Connect Yorkshire member and technology firm Razor has identified the common pitfalls of unsuccessful digital projects. Jamie Hinton, CEO and co-founder of the firm, gives his top tips for those starting their digital journey.
According to a 2016 study by MIT and Deloitte, 87% of managers and executives believe that digital technologies will disrupt their industry. The same study also showed that only 44% feel adequately prepared for the projected disruptions.
In this increasingly digital age, businesses know that they must adapt to compete. However, many don’t know the best way to approach the necessary change.
1. How can your technology better complement your people?
Digital transformation should begin with a business’s people. How do your employees or customers currently use your tech? Your employees and customers are the people using the technology and systems you have in place on a day to day basis, so it’s vital you listen to them, their feedback and concerns.
Ask yourself (and them) – is it as effective as it could be? Are there ways that it could work better? What other features or functions do your people want to see?
2. Are you being truly transformative?
The point of digital transformation is to employ the right technology that will help to improve your business. This could be to up efficiency, productivity, or simplify processes.
Some businesses, however, mistake smaller steps into the digital world – like digitalising documents to share online or updating parts of their website – for digital transformation. These things can of course help businesses look as though they’re keeping up with their competition, but by no means provides the opportunity for industry-leading transformation that more meaningful change can.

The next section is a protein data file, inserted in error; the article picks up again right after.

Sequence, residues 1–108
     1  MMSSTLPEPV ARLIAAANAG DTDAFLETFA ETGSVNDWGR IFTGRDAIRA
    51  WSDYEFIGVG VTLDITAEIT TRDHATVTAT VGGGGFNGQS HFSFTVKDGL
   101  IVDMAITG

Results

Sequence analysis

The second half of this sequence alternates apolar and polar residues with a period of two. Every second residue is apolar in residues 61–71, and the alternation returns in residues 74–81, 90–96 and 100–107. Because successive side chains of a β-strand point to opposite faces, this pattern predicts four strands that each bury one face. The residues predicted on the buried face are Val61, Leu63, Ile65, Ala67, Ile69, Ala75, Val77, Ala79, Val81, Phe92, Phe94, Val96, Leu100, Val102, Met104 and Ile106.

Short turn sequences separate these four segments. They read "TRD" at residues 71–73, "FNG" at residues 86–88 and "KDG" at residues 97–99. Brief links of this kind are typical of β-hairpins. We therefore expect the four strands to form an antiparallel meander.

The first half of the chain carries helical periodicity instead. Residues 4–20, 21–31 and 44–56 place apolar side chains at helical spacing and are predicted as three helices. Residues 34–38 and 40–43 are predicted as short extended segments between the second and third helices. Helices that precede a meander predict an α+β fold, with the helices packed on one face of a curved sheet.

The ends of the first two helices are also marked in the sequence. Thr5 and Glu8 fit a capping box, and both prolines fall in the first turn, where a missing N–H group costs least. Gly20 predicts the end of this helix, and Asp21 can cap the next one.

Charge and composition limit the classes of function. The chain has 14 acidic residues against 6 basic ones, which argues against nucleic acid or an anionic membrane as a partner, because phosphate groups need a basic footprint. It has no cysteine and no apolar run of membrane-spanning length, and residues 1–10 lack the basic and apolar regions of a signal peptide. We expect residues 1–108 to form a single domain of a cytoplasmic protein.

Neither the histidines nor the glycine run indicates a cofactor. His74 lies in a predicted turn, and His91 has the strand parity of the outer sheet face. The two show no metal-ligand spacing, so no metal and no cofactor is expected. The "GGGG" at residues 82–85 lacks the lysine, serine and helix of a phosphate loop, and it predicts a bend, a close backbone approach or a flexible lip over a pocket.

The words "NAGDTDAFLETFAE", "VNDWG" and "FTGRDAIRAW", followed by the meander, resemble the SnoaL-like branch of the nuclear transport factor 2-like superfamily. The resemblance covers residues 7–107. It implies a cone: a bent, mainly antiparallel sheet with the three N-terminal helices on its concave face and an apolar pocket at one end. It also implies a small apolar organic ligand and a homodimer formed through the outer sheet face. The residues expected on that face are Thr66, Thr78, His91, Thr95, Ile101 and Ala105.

3. Would a continuous improvement approach be more manageable?
For some businesses, large wholesale change can not only be daunting, but unrealistic and unmanageable. Making significant change to your business doesn’t have to be everything all at once, so consider whether it would be more effective and manageable for you to make smaller, more gradual changes that will contribute to large overall transformation.
4. Are you prepared?
Before undertaking any transformative project, preparation needs to be undertaken. You wouldn’t dive into a pool without knowing how deep it is, and similarly, you shouldn’t commence a digital project without first scoping out the landscape.
Look at what’s currently in place – what systems and software do you use? How is this performing and are you meeting objectives? Then consider what you want to change or achieve and build your digital strategy around those goals.
Your business and technology strategies must support one another, building a strong foundation for development. Preparing effectively will also help to prevent projects from running over time and budget.
Digital transformation can seem overwhelming, but the reality is, that it’s often a necessity. If done properly, the rewards massively outweigh the risks, and it can be the key to surpassing your competitors.
As an expert in digital transformation, Razor has witnessed where many businesses have gone wrong. With a decade of experience in the industry, the business has developed a tried and tested route to ensuring that every transformative project it undertakes is successful, outlined in its latest whitepaper, ‘Digital Transformation: What every CEO needs to know’.